According to the ‘English housing survey 2021–22’, 4 million households (17%) rented from social landlords. Social renters spent 27% of their household income on rent (inclusive of housing support). The survey found that 25% of social renters were finding it “fairly or very difficult” to afford their rent.

Since 2020, social rents have been capped at CPI plus 1%. Based on this calculation, social renters faced a maximum rent increase of 4.1% from April 2022. A survey by Inside Housing found that all the largest housing associations in the UK had increased rents from April 2022 by the maximum amount. Social landlords said it was in response to their own rising costs related to inflation and to ensure “vital investment work” is carried out on their housing stock.

Under these rent cap rules, social rents could have increased by over 11% from April 2023. However, in the November 2022 autumn statement, the government announced that social rent increases would be capped at 7% for 2023–24. The government said it would save the average social tenant £200 in that year. The rent cap has been welcomed by the National Housing Federation, the industry body for social housing providers. However, the Joseph Rowntree Foundation said that although the cap “goes some way” to mitigating the full impact of inflation, rent rises would “pile pressure onto already squeezed household budgets” for social renters.

The Resolution Foundation housing report also found that social renters were the most materially deprived group by tenure type. Almost 30% of those surveyed could not afford to keep up with other bills or debt payments, and almost 50% could not afford to repair major electrical goods, put their heating on when needed, or to spend a small amount of money on themselves each week.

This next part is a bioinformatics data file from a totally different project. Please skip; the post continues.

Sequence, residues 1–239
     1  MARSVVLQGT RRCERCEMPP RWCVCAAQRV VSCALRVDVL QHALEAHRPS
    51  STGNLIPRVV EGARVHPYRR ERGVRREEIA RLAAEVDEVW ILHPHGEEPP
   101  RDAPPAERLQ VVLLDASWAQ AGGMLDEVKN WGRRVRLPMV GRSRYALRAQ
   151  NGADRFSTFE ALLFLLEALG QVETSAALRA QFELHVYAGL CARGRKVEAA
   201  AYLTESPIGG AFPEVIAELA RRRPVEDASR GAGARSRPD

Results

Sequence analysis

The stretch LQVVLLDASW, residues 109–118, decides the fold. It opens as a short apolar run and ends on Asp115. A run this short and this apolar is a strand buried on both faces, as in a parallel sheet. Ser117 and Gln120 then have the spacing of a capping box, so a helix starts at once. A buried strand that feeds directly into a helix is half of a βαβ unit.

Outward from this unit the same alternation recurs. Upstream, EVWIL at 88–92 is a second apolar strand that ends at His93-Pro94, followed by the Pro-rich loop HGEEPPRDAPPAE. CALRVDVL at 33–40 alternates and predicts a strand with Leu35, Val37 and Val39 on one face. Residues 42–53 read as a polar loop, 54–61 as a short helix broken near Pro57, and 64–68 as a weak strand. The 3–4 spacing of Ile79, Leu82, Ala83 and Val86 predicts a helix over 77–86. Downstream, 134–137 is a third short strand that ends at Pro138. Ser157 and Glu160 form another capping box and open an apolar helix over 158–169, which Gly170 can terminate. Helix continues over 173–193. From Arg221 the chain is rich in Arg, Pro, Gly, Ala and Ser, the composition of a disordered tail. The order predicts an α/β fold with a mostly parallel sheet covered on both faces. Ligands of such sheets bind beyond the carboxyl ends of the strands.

2. Owner occupiers

Owner occupation is the most common form of tenure type in England, accounting for approximately 65% of households in 2021–22. These comprised 35% who owned their home outright and 30% with a mortgage. In the ‘English housing survey 2021–22’, 7% of mortgagors said they were finding it fairly or very difficult to afford their mortgage.

Higher interest rates can mean higher borrowing costs for those with mortgages. Cost of living pressures have also impacted the broader housing market. Data from the Halifax house price index in January 2023 showed that the average UK house price was £281,684, a decrease of 4.2% from its peak in August 2022. The number of mortgage approvals fell significantly at the end of 2022, down 51% compared to December 2021.

Average fixed-term mortgage rates increased in the autumn of 2022, but have since fallen. The BBC reported that on the day of the Liz Truss government’s ‘mini-budget’, on 23 September 2022, the average interest charged on a five-year fixed-rate mortgage was 4.75%. This increased to 6.5% in October 2022, but had reduced to 5.25% in February 2023.

The Bank of England has estimated that “around four million households will be exposed to [mortgage] rate rises over 2023”. The figure includes those on variable rate mortgages and those coming to the end of fixed-rate products. The bank estimated that the number of households with high mortgage debt burdens would increase in 2023 to “2.4%, or around 670,000 households”, approaching levels comparable to the start of the global financial crisis in 2008. Unemployment is also projected to rise in 2023, which may increase the number of households that cannot afford their mortgage payments.

However, the governor of the Bank of England, Andrew Bailey, was optimistic about future mortgage rates when he gave evidence to the House of Commons Treasury Committee in January 2023. He said that although mortgage offers “declined dramatically” after the mini-budget, new fixed-term mortgage rates “had come down since”. He said there had been a price “correction in that respect, and that benefits people seeking mortgages”.

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Cover image by Belinda Fewings on Unsplash.